At Nourish we often get asked which protein powder we think is the best. This blog will dive a little deeper into the types of protein powders available and what to look for in a product.
We’ve all heard of protein, but what does it actually do?
Protein is a macronutrient that is essential for many functions in the body, particularly assisting with metabolic processes, growth, and repair of body tissues. There is no exact amount that everyone should be consuming, as intakes can vary massively based on factors such as age, gender, and physical activity level.
As a general guide, someone with a light physical activity level should aim for 1-1.5g of protein per kilogram of body weight. For example, if someone weighed 60kg they would require 60-90g of protein per day. Most of us can reach this amount if we are eating a balanced diet, so when are protein powders required?
Protein powders can be a convenient way to boost protein consumption if you are someone who struggles to meet your recommended intakes. People who have high physical activity levels require higher levels of protein which may not be possible to consume through diet alone. Other individuals may struggle to find time to make a nourishing meal with sufficient protein levels, so protein powders are a convenient way to assist with this.
It is important to note that more protein is not necessarily always better. Protein cannot be stored in large amounts in the body, so high intakes can cause stress on the kidneys and digestive system.
What protein powders are available?
There are two types of protein powders we tend to see and they are Whey-based and Plant-based.
is one of two proteins found in dairy milk. In the process of making cheese, whey separates from the mixture and is dried into a powder. There are two main types of whey protein available: whey protein concentrate and whey protein isolate.
This basically refers to the amount of processing that is involved. Whey isolate is more processed and refined making it higher in protein but lower in fat and carbohydrates, therefore also containing less lactose (a sugar found in dairy). Interestingly, the lactose content in both forms of whey protein is likely to be low enough for most lactose intolerant individuals to use without adverse reactions.
proteins can come from a variety of plants, with brown rice, pea, soy, and hemp proteins being the main ones used. These are a great alternative for people following a plant-based diet, wanting to be more environmentally friendly, or who can’t tolerate whey protein.
Vegan protein powders also tend to be richer in vitamins and minerals such as iron, zinc, magnesium, and fibre as they are made from foods which contain these nutrients. If you are concerned you might not be reaching your recommended intakes for these nutrients, then a plant protein powder might be more beneficial for you to boost your intake.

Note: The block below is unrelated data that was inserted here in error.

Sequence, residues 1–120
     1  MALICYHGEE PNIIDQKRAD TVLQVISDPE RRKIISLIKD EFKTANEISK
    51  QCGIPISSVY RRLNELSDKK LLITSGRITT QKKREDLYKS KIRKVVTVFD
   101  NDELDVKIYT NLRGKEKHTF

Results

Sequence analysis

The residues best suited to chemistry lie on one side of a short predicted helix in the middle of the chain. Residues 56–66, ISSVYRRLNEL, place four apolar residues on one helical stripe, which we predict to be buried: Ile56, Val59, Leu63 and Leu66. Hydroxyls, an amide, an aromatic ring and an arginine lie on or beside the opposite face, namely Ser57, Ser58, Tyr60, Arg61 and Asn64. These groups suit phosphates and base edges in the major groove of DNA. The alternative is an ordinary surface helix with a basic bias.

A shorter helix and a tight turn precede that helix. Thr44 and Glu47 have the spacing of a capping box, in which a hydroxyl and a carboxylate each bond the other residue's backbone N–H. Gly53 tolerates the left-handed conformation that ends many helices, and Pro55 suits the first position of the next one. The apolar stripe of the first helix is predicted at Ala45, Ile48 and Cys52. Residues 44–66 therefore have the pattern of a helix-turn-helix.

Like all foods, it is important to check the ingredients list as it is not uncommon for companies to add unnecessary sweeteners, additives and hidden ingredients which can cause gastrointestinal upset in some people.
So which type is best?
Well, this firstly depends on personal factors such as food intolerances and preferences, but there are a few things to look out for to determine which is best for your individualised goals.
Whey protein, as with any animal product, is known as a complete protein because it contains all 9 essential amino acids that the body cannot produce itself, so it is crucial that we get these from the diet. We want to make sure that any protein powder contains these essential amino acids to ensure we are getting the most bang for our buck.
Most plant foods do not contain all the 9 essential amino acids and therefore manufacturers will generally combine 2 or 3 different plants in one product to ensure all of these are included.
A particular amino acid of interest is leucine, a Branch Chain Amino Acid important for muscle anabolism (building). It is recommended to have a good dose of this after a high intensity or resistance training workout, which is often easier to meet with a protein powder. Most plant proteins do not contain high levels of leucine; therefore, whey has been found to stimulate muscle synthesis at higher rates than plant proteins.
Recent studies are now indicating that it is important to spread your protein intake throughout the entire day rather than in one sitting, to get the best results for muscle anabolism. Studies have shown increased muscle gains in individuals that consumed 20 grams of protein pre- and post-workout.
This is in comparison to the individuals who consumed the same amount but in the morning and evening. Individuals who are aiming to building lean muscle mass could benefit from the slightly higher levels of protein and leucine and lower calories in whey protein.
So overall there is no standout winner, supplementation is highly dependent on personal preference and goals. It is also important to remember that supplements and protein powders should not replace a balanced diet. If you need more guidance to decide what is best for you, come in and have a chat with the staff at Nourish who are happy to point you in the right direction.
This blog post was written by Eve Bishop, Nutritionist at Nourish Health